K.D.M. was apparently aware that she had an obligation to support her children as best she could prior to their removal in June 2000. Even though she had not applied for government benefits, she was attempting to meet her obligation by selling plasma twice a week to raise money to support herself and her children. However, the record contains no indication that K.D.M. was aware that she was still obligated to support her children financially after they were placed in the Department's custody. The permanency plans involving her children required her to support her children financially only if ordered by the court. The is no indication in the record that K.D.M. was ever ordered by a court to pay child support.

The record is likewise lacking clear and convincing evidence that K.D.M. was ever financially able to support her children financially while they were in the Department's custody. She has no marketable skills and has not been employed since November 2001. Her employment record reflects that she has only been able to hold a series of unskilled, low paying jobs for brief periods of time. There is no proof regarding her exact earnings from these jobs, but the evidence indicates that they did not provide her with sufficient income to support herself, let alone her children, because she continued to rely on others for financial support.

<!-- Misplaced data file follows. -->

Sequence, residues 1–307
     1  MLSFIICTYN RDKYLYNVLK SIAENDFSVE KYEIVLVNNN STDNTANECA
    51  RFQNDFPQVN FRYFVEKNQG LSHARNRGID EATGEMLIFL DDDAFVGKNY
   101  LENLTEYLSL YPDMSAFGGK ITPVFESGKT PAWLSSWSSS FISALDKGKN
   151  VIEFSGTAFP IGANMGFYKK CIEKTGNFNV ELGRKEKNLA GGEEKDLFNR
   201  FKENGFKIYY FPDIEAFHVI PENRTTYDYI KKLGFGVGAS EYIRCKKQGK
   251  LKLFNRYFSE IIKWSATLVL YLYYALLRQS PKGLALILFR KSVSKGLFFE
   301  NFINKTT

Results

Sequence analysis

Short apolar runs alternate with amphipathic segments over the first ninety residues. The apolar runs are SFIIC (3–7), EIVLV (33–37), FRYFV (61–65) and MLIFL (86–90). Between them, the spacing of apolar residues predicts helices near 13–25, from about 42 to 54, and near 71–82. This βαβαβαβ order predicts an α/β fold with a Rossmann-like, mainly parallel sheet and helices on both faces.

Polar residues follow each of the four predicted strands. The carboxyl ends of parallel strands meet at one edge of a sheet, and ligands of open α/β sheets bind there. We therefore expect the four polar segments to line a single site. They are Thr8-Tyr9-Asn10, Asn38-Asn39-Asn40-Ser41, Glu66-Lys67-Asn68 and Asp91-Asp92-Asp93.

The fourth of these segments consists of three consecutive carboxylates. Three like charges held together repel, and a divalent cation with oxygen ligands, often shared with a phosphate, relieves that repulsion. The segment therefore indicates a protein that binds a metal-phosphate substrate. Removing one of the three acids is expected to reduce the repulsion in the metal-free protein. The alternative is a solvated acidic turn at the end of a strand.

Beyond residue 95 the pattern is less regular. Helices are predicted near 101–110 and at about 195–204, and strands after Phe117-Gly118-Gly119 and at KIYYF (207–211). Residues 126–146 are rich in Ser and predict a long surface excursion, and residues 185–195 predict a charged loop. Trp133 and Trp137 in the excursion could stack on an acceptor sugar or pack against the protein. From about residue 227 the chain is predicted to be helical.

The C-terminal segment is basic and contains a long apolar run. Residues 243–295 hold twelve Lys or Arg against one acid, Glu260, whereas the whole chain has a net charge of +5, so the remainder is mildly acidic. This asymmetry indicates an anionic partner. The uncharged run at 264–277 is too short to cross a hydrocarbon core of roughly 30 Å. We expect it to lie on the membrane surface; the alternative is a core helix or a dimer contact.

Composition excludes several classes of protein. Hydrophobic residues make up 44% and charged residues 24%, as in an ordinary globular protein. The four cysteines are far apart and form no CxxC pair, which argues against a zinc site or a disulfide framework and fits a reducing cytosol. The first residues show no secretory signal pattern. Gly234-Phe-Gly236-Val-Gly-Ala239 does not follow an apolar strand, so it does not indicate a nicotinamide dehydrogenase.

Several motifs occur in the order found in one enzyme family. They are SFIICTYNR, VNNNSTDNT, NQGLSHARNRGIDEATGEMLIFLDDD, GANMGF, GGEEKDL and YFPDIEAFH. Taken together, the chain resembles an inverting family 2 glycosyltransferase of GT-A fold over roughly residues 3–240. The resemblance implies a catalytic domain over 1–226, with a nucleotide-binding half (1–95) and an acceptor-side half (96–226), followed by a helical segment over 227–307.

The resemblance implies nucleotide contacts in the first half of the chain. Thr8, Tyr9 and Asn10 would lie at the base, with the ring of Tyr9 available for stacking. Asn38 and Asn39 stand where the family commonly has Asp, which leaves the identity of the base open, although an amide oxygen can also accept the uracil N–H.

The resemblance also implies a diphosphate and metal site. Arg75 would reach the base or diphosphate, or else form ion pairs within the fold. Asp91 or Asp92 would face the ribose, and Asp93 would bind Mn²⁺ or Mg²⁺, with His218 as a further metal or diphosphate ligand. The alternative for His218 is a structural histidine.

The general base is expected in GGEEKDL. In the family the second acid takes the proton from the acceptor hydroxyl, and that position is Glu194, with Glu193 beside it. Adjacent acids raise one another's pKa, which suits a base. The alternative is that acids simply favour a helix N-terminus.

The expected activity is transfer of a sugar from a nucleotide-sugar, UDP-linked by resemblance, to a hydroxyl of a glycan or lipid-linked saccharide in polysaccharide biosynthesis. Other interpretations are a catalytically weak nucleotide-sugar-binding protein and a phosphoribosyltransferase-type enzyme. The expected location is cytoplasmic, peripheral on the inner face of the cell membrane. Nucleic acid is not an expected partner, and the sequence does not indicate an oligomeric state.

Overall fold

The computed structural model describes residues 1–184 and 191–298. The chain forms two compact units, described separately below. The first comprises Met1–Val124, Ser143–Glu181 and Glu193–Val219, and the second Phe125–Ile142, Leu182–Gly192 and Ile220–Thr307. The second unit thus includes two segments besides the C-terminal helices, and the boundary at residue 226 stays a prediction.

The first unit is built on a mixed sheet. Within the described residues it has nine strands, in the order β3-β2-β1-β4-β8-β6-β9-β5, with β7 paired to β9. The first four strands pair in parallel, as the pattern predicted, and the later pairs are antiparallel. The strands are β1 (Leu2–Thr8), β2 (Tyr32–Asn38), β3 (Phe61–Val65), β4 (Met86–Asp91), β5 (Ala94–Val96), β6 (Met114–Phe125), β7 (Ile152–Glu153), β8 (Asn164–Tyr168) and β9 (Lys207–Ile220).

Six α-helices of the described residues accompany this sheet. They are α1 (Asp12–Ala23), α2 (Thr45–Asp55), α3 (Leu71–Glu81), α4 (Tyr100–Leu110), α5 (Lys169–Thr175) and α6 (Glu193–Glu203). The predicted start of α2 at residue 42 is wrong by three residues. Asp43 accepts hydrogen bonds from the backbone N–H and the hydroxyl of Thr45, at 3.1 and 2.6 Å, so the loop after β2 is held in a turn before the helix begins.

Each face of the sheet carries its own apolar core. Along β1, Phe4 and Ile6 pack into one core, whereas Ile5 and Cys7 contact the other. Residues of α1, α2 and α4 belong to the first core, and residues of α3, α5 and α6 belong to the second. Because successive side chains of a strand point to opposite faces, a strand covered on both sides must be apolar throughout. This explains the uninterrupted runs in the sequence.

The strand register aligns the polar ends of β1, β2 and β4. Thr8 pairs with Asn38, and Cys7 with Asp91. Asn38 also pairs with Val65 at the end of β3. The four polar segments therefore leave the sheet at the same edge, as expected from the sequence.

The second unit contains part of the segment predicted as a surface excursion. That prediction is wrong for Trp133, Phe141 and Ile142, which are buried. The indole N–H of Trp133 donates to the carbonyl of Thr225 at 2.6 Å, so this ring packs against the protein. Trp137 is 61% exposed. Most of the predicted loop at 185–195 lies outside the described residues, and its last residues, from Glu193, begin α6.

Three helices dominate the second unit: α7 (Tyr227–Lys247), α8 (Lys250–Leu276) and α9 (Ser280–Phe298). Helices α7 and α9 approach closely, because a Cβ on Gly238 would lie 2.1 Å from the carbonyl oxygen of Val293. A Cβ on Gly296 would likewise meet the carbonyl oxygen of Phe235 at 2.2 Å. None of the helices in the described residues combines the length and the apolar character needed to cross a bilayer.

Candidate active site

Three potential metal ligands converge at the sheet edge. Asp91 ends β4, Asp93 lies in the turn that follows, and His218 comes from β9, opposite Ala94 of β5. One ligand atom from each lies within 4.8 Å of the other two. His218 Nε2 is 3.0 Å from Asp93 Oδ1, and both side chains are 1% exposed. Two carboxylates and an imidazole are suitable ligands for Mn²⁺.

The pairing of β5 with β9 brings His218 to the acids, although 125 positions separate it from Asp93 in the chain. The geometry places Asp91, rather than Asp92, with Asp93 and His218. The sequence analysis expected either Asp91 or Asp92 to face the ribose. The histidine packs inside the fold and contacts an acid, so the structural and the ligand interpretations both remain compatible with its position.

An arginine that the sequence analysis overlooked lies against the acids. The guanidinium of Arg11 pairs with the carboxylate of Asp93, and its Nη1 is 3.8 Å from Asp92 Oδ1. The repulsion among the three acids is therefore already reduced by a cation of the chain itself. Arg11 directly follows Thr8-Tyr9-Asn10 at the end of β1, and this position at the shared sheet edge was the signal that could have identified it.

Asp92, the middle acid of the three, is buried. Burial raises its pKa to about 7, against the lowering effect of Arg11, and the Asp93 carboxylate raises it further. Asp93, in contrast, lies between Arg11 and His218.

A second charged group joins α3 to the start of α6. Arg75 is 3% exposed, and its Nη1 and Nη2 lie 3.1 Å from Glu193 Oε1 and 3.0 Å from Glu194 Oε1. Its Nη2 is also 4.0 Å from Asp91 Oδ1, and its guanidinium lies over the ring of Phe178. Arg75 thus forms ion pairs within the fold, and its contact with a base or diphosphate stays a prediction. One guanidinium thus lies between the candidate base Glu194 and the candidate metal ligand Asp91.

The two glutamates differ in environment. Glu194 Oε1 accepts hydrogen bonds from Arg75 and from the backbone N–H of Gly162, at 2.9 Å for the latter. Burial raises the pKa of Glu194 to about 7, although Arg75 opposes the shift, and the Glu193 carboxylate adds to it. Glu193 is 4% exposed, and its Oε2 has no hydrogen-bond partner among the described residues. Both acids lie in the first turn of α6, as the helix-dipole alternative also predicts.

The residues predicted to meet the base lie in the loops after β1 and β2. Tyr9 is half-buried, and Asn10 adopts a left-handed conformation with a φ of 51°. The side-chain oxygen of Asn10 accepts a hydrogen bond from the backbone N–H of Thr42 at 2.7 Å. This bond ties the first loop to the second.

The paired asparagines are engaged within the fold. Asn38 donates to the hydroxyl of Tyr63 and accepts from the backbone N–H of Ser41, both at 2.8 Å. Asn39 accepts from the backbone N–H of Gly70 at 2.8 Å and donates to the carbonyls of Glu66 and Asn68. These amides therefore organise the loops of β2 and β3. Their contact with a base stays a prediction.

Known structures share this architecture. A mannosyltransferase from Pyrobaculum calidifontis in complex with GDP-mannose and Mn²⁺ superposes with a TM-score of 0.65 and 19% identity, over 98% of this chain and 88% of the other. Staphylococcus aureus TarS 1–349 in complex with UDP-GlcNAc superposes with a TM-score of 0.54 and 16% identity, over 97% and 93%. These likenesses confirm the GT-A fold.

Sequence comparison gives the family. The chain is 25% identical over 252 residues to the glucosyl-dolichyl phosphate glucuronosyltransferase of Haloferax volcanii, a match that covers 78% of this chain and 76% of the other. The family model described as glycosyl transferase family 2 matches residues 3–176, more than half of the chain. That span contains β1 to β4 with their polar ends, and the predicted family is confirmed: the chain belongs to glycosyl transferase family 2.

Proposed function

Finally, the record contains insufficient evidence to warrant a determination that K.D.M. voluntarily and consciously decided not to support her children financially even though she was able to do so. While it is true that in 2000 she failed to seek government benefits that would have benefitted her children, she was not eligible for such benefits during the four months immediately preceding the filing of the Department's petition because by that time, the children had been in the Department's custody for over eighteen months. The record simply lacks any evidence that K.D.M. had any disposable resources that she could have used to support her children.